Windows Defines - Screwing Stuff Up?

This is a discussion on Windows Defines - Screwing Stuff Up? within the Windows Programming forums, part of the Platform Specific Boards category; I am trying to make some wrappers and stuff, and stuff is being stoopid. Code: class wrapper { example SendMessage( ...

  1. #1
    Registered User Tonto's Avatar
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    Windows Defines - Screwing Stuff Up?

    I am trying to make some wrappers and stuff, and stuff is being stoopid.

    Code:
    class wrapper
    {
            example SendMessage( blah, blah blah );
    };
    But, of course, SendMessage is defined as SendMessageA or SendMessageW. I've thought about it for a little, and I'm not sure if this would mess anything up or not. As long as everything is consistent and falls into the wide-char or ansi things consistently across the project, it shouldn't mess things up. I mean, I don't think, should it? Does it even warrant a workaround?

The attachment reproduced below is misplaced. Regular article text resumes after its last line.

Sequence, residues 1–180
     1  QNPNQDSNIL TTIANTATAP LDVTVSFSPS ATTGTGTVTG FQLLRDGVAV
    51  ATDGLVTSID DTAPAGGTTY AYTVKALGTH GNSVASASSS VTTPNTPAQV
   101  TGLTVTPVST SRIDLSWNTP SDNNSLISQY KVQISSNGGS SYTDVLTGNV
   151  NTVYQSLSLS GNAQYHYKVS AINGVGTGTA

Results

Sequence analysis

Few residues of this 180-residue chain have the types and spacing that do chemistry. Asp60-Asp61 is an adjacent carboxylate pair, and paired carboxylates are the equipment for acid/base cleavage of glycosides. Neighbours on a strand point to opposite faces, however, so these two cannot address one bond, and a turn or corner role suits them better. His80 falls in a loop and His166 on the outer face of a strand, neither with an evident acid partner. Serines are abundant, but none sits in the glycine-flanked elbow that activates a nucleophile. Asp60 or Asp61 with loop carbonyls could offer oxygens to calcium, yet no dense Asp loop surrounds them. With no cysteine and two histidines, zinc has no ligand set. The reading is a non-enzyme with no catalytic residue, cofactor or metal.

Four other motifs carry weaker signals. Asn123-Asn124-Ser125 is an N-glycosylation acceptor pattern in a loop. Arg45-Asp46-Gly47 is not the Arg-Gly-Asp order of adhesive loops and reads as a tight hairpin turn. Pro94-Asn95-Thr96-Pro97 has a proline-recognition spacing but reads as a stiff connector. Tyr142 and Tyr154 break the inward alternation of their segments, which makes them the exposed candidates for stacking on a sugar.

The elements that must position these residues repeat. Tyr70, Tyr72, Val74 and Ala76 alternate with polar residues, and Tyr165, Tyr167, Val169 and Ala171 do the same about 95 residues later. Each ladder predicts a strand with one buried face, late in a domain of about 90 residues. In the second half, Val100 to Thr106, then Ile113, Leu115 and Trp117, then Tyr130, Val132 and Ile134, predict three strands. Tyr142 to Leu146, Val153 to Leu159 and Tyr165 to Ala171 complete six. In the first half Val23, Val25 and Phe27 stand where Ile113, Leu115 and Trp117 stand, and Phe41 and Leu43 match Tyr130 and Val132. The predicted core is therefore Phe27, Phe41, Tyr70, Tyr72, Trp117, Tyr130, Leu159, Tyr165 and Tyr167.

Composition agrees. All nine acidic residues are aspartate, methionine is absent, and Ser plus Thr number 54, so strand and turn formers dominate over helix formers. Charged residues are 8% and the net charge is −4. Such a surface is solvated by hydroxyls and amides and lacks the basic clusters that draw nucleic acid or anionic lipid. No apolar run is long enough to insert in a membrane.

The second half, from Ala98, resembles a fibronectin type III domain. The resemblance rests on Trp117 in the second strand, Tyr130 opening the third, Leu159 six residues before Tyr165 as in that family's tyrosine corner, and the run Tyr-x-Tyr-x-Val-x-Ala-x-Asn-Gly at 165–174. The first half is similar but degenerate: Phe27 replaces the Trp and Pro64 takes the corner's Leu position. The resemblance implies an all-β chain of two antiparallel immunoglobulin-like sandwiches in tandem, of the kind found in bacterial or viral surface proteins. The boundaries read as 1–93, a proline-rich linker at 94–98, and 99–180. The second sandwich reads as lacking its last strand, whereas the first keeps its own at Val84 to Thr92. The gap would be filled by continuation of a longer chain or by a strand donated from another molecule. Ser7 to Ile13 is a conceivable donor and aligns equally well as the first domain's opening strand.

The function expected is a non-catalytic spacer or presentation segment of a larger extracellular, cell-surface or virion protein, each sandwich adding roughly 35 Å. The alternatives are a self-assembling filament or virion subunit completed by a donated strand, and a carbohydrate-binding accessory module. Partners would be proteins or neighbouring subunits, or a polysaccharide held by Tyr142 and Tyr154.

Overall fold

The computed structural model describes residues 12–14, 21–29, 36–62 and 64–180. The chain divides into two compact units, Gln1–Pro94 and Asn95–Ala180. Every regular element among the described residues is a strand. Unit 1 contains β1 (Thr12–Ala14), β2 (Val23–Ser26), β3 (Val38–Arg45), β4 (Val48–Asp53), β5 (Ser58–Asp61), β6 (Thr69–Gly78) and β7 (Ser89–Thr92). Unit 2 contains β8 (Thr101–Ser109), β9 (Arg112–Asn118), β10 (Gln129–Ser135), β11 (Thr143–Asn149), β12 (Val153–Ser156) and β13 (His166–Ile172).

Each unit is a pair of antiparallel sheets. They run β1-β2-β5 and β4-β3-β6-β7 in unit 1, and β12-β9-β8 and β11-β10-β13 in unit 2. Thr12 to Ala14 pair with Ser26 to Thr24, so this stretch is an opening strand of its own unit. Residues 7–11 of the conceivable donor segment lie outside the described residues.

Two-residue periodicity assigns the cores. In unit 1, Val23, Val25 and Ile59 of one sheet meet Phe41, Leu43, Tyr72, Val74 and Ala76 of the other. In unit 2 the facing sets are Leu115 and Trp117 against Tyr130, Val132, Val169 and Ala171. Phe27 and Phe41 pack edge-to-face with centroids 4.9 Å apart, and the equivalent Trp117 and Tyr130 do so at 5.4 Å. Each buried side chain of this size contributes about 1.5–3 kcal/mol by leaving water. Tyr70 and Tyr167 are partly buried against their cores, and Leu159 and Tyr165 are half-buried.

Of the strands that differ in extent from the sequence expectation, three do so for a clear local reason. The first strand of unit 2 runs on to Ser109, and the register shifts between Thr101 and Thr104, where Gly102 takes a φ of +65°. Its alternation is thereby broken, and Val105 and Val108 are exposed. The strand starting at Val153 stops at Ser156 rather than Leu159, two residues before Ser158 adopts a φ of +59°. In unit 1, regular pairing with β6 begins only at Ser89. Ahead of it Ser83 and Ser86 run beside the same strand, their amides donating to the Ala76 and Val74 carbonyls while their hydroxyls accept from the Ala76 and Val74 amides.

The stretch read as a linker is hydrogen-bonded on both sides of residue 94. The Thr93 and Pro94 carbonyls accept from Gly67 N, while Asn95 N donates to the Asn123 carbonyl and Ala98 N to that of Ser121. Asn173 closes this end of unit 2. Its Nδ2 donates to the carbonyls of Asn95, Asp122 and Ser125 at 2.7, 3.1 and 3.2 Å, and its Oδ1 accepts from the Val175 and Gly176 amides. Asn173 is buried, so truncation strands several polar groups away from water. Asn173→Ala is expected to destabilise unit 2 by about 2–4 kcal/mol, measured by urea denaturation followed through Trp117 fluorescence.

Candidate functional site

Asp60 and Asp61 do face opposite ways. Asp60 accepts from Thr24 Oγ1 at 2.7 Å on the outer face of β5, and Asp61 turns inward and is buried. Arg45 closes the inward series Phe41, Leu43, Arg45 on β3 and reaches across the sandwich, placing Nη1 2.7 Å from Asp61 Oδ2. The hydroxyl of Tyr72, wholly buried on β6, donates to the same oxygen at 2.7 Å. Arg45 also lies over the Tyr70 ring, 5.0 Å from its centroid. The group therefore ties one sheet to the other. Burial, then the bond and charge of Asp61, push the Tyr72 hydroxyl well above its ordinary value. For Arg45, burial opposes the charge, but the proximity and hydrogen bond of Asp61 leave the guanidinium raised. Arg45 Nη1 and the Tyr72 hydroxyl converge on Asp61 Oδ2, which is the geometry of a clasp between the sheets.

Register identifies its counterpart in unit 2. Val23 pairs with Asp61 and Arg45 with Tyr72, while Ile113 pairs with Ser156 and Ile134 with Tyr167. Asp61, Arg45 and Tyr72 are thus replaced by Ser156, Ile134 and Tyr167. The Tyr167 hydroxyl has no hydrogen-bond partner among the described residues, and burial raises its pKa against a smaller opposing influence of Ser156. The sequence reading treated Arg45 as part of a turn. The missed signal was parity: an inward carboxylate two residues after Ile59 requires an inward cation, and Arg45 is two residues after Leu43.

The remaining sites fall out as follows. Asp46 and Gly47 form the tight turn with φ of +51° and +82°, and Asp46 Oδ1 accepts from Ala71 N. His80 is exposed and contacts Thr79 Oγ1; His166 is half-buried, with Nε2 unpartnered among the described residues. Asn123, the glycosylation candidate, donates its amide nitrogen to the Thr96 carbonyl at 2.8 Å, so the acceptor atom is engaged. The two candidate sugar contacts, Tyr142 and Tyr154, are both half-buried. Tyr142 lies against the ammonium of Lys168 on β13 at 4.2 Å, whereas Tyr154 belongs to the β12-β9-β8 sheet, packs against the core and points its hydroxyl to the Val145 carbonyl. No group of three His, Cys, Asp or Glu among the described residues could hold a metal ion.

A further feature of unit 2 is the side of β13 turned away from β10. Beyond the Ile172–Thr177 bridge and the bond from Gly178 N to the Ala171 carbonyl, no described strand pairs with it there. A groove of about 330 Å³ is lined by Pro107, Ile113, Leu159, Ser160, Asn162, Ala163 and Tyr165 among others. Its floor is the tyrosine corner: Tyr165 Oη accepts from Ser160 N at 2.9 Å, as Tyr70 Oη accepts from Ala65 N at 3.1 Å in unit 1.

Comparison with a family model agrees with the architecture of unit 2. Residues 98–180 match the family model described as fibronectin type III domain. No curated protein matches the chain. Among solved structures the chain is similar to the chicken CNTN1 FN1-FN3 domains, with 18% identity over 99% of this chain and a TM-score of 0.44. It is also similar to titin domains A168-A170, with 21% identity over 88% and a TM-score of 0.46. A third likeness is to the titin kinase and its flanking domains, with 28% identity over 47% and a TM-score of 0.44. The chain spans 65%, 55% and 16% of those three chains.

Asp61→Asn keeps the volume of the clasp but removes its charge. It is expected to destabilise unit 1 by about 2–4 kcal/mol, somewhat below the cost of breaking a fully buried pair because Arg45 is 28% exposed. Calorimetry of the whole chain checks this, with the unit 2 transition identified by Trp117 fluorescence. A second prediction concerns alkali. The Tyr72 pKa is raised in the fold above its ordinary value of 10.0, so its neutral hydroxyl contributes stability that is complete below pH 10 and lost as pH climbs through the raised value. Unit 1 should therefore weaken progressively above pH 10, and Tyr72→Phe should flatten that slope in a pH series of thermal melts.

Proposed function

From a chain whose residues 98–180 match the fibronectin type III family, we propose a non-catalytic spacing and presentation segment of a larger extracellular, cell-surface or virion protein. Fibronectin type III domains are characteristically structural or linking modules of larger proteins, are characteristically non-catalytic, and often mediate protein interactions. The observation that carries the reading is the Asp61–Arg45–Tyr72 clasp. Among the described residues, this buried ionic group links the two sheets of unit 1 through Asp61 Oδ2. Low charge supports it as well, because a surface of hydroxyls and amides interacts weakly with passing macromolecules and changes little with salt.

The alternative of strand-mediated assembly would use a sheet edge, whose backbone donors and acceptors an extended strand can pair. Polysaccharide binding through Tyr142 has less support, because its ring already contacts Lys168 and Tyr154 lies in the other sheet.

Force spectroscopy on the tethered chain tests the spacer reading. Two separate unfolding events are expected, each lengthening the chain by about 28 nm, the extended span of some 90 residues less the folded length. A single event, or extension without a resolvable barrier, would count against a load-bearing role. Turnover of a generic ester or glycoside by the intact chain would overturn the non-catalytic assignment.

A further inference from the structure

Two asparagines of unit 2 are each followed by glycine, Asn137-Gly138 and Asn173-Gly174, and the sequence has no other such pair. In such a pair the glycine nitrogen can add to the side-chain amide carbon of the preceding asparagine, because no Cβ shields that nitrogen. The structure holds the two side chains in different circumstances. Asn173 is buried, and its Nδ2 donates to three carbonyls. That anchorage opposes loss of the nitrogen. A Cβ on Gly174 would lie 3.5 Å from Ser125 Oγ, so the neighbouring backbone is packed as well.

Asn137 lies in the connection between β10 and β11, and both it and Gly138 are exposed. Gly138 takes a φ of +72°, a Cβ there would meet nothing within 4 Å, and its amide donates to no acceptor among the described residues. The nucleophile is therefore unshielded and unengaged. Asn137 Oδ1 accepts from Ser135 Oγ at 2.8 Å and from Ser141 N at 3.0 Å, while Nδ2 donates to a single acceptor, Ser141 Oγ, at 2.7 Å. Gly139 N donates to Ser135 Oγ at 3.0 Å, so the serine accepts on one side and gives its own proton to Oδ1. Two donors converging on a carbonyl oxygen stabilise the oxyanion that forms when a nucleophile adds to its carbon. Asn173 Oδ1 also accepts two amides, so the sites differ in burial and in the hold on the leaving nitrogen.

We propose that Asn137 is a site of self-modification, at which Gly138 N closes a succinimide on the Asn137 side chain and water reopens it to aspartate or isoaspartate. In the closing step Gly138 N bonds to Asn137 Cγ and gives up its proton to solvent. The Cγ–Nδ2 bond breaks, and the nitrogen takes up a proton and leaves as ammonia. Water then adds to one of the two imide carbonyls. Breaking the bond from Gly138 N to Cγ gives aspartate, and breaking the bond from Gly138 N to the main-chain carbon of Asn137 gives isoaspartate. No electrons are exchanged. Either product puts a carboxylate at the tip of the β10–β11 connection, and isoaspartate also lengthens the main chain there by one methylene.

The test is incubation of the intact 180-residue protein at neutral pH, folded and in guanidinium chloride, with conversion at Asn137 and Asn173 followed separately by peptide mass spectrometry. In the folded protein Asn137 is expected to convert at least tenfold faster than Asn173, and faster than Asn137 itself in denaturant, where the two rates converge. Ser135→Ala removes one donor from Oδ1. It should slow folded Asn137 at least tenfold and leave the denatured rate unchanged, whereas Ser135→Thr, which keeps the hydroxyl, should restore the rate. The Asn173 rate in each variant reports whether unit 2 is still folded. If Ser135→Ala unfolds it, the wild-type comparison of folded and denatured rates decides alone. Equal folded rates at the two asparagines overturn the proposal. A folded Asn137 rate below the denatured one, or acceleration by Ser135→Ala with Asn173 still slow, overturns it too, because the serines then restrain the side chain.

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  2. #2
    erstwhile
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    That depends on what you're doing with strings and whether you're #defining UNICODE and _UNICODE. Provided you're consistent, use _T or TEXT macros for string literals and TCHAR arrays or, arguably better since you're coding in c++, typedef, for example a std::basic_string<TCHAR> alias to resolve to std::string or std::wstring depending on the #definition of UNICODE then it shouldn't be an issue.
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  3. #3
    Cat without Hat CornedBee's Avatar
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    I'd say yes, the Windows defines can mess up stuff here. For example, if your header files are clean enough that they don't have their own #include <windows.h>, then you can run into real problems if some code includes the class header after windows.h and some code includes it before, or doesn't include windows.h at all. Suddenly the functions have different names.

    The easiest thing to do, IMO, is follow either a camelCase convention for functions or a K&R convention. In other words, call the thing sendMessage or send_message.
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